There are lots of good people employed there, but they repeat what they are told to repeat or else. I don’t believe whistleblowers have one ounce of immunity and will be targeted at every opportunity. My own experience with St. Louis has been miserable and dishonest over many decades, even being lied to by VSOs in that same office, but i’m Going to save all that for YouTube.

  2. John McCann    

    I think it is great to see someone is getting results on heart problems associated with herbicide exposure. I was told that unless it was on the list it would not be covered. I have eschemic heart problems and also had over a foot of my colon and a mass removed from my colon.I was told it was not covered as a disability issue for Agent Orange. I guess after I die they will change this negative attitude.

  3. Thomas Rivet    

    Unfortunately, in this area the VA has made no strides or improvements at all, including all the hiring / firing / demotions etc. that occurred a couple years ago. Many are on waiting lists, even VietNam Vets like myself.

    When I applied for the new benefits, with a VA volunteer to help me with it, where I could receive pay for my time on the ground around Agent Orange and other gaseious killers released, was on a base in Thiland where we saw a lot of it in the air coming across from Cambodia, but I was denied in a very adversarial system designed to make me go away or die first. My doctor even provided the required diagnosis for the many diseases I have and that they were more likely than not from military duty because my family had no history of these several diseases I still suffer from.

    My VA rep couldn’t understand it either, essentially being told not to help me any further, and I gave up in disgust. That doesn’t mean I don’t hold a grudge though; I DO, and a strong one! Our gvt abandoned us in VNam and repeats that grievance for the last several years. The gvt only does what’s easy.

  4. frank enfinger    

    I’m glad that your got what you earned,i was told by va docters that I have ptsd and depression cause from assault ,been turn down and now in appeal been told maybe in 2019 they look at my appeal startd this in march 3 2015,also turn in my claim for my neck and back that started in 2011 still waiting on my appeal for that,i had two buddy letters that the vadid not even mention when they denied my appeal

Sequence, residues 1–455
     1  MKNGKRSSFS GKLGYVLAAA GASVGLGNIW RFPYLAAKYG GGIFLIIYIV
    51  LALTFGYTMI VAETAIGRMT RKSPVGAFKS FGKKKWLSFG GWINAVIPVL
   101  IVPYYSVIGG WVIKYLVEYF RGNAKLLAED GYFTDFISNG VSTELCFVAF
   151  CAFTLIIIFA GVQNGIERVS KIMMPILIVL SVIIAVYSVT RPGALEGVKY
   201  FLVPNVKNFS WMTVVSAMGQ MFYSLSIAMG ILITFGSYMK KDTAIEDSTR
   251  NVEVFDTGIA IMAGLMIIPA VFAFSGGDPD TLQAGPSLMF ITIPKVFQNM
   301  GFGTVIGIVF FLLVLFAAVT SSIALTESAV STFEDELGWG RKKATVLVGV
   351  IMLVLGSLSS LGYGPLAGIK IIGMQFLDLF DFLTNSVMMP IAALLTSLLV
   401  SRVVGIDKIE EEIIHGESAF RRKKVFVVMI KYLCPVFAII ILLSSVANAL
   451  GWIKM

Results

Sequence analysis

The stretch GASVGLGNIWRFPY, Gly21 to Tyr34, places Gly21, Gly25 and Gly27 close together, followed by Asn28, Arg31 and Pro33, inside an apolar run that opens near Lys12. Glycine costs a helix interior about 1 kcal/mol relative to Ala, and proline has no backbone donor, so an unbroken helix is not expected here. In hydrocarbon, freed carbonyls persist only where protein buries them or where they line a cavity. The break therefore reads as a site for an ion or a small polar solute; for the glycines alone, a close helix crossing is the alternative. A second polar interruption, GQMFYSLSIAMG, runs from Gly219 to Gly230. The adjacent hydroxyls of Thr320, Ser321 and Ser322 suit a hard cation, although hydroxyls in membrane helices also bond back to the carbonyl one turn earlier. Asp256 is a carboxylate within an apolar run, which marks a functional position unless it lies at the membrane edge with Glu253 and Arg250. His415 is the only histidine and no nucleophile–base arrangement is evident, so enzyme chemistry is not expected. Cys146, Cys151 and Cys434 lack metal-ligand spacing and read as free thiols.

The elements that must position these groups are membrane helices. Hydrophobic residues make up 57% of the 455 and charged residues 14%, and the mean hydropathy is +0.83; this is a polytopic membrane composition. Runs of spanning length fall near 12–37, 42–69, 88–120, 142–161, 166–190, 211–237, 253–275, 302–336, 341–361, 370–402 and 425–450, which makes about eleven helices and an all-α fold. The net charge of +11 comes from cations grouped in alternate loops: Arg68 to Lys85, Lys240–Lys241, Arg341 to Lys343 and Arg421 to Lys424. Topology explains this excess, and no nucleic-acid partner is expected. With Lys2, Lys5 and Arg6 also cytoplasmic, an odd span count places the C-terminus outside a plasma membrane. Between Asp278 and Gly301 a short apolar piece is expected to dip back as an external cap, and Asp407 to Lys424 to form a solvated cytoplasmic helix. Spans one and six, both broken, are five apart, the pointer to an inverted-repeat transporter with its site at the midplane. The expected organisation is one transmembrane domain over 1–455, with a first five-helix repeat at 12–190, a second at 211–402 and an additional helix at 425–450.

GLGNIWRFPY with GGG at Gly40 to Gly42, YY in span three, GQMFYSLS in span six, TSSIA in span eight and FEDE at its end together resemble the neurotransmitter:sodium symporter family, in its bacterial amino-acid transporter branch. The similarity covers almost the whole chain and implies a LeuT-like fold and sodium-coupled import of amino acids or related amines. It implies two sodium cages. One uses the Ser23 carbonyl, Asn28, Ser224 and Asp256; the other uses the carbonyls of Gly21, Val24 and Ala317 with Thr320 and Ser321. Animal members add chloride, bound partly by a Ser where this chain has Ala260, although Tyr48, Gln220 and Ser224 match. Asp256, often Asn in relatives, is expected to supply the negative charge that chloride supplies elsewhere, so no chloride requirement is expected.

5. Frank Eagan    

    Hello! I am trying to find out exactly what benefits I am eligible to receive, & how I can start receiving them. I served in the Army for 7 months & 6 days, & received a General Discharge under Honorable Conditions, back in 1988. I don’t know where to go for help, or who I should talk to. I would greatly appreciate any & all help that you may be able to offer me. Thank you in advance for your time and consideration in this matter.
    Sincerely,
    Frank Eagan

  6. Johnnie M Carter    

    Greetings,
    Everything I have read on the Veterans page appears to show VETS are being
    cared for as well as compensated for the sacrifices made for our GREAT NATION!!
    There are many VETS that have slipped through the cracks!! My husband(deceased),
    sister,nephew and I are among them.Why?? There is toooo much red tape to prevent
    you from getting the compensation entitled to you from NON VETS providers who are
    can care less about medical conditions acquired while serving this country.
    If there are regulations or procedures in place to prevent the red tape that is in
    existence,I will appreciate the information to assist US in being compensated.
    Hopefully,I will not be punished for expressing the diappointment that my family
    feels for such unfair treatment which has gone on for several years!!
    Enough said.
    .Thanks!!